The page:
Does ADHD medication treatment in childhood increase adult employment?

Although ADHD used to be con­sid­ered a dis­or­der of child­hood, fol­low-up stud­ies indi­cate that between 30% and 60% of chil­dren with ADHD con­tin­ue to expe­ri­ence symp­toms and impair­ment in adult­hood. And, even when ADHD symp­toms decline over time, many indi­vid­u­als con­tin­ue to expe­ri­ence sig­nif­i­cant impair­ment in impor­tant areas of functioning.

For exam­ple, chil­dren with ADHD have poor­er aca­d­e­m­ic achieve­ment as ado­les­cents com­pared to their peers and this trend con­tin­ues into adult­hood. Research per­tain­ing to occu­pa­tion­al func­tion­ing is lim­it­ed but avail­able data clear­ly points to poor­er employ­ment his­to­ries in adults with ADHD. Pre­dic­tors of occu­pa­tion­al out­comes in indi­vid­u­als with ADHD have not been care­ful­ly inves­ti­gat­ed, however.

A recent study con­duct­ed in Nor­way with a large sam­ple of adults with ADHD begins to address some of the impor­tant gaps in our knowl­edge of these issues [Hal­moy et al.(2009). Occu­pa­tion­al out­come in adult ADHD: Impact of symp­tom pro­file, comor­bid psy­chi­atric prob­lems, and treat­ment. Jour­nal of Atten­tion Dis­or­ders, 13, 175–187].

Par­tic­i­pants were 414 adults (198 women and 216 men) who were diag­nosed with ADHD and whose clin­i­cian was seek­ing to treat them with stim­u­lant med­ica­tion. As recent­ly as 2005 in Nor­way, physi­cians look­ing to pre­scribe stim­u­lant med­ica­tion for adults need­ed to con­duct a com­pre­hen­sive assess­ment based on nation­al guide­lines and have their find­ings reviewed by an expert com­mit­tee. The com­mit­tee need­ed to sup­port the request to pre­scribe stim­u­lants before the physi­cian could do so. This was the required pro­ce­dure even for indi­vid­u­als who were treat­ed with stim­u­lants pri­or to turn­ing 18. The 414 par­tic­i­pants with ADHD were recruit­ed from near­ly 2000 adults whose infor­ma­tion was sent for com­mit­tee review between 2004 and 2006. Com­par­i­son sub­jects (n=357) were drawn from a ran­dom sam­ple of adults from across the country.

Both groups of adults com­plet­ed a num­ber of self-report mea­sures to assess their cur­rent func­tion­ing in mul­ti­ple areas includ­ing their edu­ca­tion­al attain­ment, occu­pa­tion­al sta­tus, and psy­chi­atric symp­toms. For the adults with ADHD, infor­ma­tion on whether they were treat­ed with stim­u­lant med­ica­tion as chil­dren was also obtained.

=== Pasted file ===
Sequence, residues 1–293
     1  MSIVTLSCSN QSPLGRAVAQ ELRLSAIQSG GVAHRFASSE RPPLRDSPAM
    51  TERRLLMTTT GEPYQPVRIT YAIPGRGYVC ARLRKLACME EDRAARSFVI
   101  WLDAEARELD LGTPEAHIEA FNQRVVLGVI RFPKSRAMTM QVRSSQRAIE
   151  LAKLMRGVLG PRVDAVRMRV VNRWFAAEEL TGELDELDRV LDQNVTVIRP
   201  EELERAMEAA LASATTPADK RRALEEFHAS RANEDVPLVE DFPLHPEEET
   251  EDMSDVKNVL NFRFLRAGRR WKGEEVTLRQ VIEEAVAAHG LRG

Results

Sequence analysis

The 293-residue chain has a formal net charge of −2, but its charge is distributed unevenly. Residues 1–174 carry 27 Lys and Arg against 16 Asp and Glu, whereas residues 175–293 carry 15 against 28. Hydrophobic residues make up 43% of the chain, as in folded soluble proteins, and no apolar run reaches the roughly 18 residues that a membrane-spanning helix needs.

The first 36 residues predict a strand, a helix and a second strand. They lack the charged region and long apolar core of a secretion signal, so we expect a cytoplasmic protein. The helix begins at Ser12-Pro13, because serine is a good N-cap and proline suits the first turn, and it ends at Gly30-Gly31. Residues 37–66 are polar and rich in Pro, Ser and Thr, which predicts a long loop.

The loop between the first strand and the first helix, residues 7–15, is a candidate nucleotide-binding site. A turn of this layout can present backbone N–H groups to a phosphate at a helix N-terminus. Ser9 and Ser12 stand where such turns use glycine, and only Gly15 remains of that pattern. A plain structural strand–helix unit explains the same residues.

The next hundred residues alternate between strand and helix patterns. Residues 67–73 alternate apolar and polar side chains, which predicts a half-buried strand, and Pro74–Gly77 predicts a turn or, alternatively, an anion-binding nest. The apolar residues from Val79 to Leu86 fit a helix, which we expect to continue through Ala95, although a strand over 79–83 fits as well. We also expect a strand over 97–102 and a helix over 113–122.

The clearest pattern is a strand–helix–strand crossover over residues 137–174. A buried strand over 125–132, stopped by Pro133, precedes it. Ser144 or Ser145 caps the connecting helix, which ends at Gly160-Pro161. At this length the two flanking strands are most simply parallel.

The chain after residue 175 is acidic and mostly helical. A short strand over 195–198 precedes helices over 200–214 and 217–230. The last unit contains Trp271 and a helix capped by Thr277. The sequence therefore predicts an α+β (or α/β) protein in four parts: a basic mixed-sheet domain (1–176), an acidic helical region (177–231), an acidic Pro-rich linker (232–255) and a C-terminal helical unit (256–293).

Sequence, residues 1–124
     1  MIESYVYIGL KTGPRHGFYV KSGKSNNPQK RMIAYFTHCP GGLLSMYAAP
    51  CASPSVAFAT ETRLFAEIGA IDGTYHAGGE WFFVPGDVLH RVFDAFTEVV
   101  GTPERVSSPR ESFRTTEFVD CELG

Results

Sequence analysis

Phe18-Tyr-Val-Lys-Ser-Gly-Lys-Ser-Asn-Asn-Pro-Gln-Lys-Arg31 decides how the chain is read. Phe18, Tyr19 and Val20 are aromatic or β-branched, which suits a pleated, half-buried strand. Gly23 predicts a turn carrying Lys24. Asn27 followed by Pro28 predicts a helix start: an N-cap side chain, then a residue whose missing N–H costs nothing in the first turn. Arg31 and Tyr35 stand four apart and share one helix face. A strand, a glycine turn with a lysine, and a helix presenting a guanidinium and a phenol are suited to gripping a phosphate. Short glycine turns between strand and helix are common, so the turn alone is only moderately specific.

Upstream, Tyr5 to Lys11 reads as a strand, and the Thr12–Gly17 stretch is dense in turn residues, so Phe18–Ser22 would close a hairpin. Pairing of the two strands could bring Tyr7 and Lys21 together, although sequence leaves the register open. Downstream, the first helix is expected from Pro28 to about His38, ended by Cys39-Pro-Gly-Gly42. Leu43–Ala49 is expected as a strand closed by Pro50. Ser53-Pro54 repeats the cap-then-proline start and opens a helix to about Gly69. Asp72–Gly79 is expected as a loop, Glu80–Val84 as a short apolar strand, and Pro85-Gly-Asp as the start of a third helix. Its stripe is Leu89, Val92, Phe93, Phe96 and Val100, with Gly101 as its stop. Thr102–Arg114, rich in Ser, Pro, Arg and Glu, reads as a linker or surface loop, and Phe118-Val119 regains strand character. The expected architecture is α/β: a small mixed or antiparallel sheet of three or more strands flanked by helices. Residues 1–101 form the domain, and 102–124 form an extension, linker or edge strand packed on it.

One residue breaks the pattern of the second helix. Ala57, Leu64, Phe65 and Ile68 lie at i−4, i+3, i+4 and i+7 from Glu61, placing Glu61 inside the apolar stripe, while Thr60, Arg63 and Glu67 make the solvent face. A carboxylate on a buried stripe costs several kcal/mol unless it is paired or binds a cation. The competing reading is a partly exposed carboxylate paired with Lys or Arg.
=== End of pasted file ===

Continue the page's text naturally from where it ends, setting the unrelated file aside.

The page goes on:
Results -

As expect­ed, a num­ber of impor­tant dif­fer­ences were found between adults with and with­out ADHD. Key among these were the following:

- Only 23% of the ADHD group had attained a uni­ver­si­ty lev­el edu­ca­tion com­pared to 59% of controls.

- 29% of the ADHD group had only a junior high school edu­ca­tion vs. only 6% of controls.

- Life­time rates of sig­nif­i­cant anx­i­ety or depres­sion was report­ed by 70% of the ADHD group vs. only 17% of controls.

- Life­time prob­lems with alco­hol were report­ed by near­ly 30% of the ADHD group com­pared to less than 3% of controls.

Group dif­fer­ences in the occu­pa­tion­al realm were also strik­ing. At the time of the assess­ment, only 24.3% of adults in the ADHD group report­ed being employed com­pared to near­ly 80% of the com­par­i­son adults. More than half of adults with ADHD were either receiv­ing dis­abil­i­ty or were in voca­tion­al reha­bil­i­ta­tion com­pared to only 5% of com­par­i­son adults. These dif­fer­ences were con­sis­tent across gender.

Cor­re­lates of occu­pa­tion­al out­come -

The researchers were inter­est­ed in test­ing fac­tors relat­ed to the occu­pa­tion­al sta­tus of par­tic­i­pants with ADHD. The fac­tors that they test­ed includ­ed sever­i­ty of ADHD symp­toms, ADHD sub­type (inat­ten­tive, com­bined, or hyper­ac­tive-impul­sive), symp­toms of depres­sion and anx­i­ety, alco­hol or drug prob­lems, and whether the adult had been treat­ed with stim­u­lant med­ica­tion in childhood.

After con­trol­ling for all vari­ables in the mod­el, only ADHD sub­type and med­ica­tion treat­ment in child­hood was asso­ci­at­ed with cur­rent employ­ment sta­tus. Adults with the inat­ten­tive or com­bined sub­type were more like­ly to be out of work than those with the hyper­ac­tive-impul­sive sub­type. Thus, high rates of atten­tion dif­fi­cul­ties — either with or with­out hyper­ac­tiv­i­ty — was a risk fac­tor for being unemployed.

Results per­tain­ing to child­hood med­ica­tion treat­ment were quite inter­est­ing. Adults with ADHD who had not received med­ica­tion treat­ment as chil­dren (n=329) were over three times as like­ly to be unem­ployed than those who had (n=75). This find­ing remained even when edu­ca­tion­al attain­ment was con­trolled for.

Adults who had not been treat­ed with med­ica­tion in child­hood also report­ed sig­nif­i­cant­ly high­er rates of anx­i­ety and depres­sive symptoms.

Sum­ma­ry and impli­ca­tions -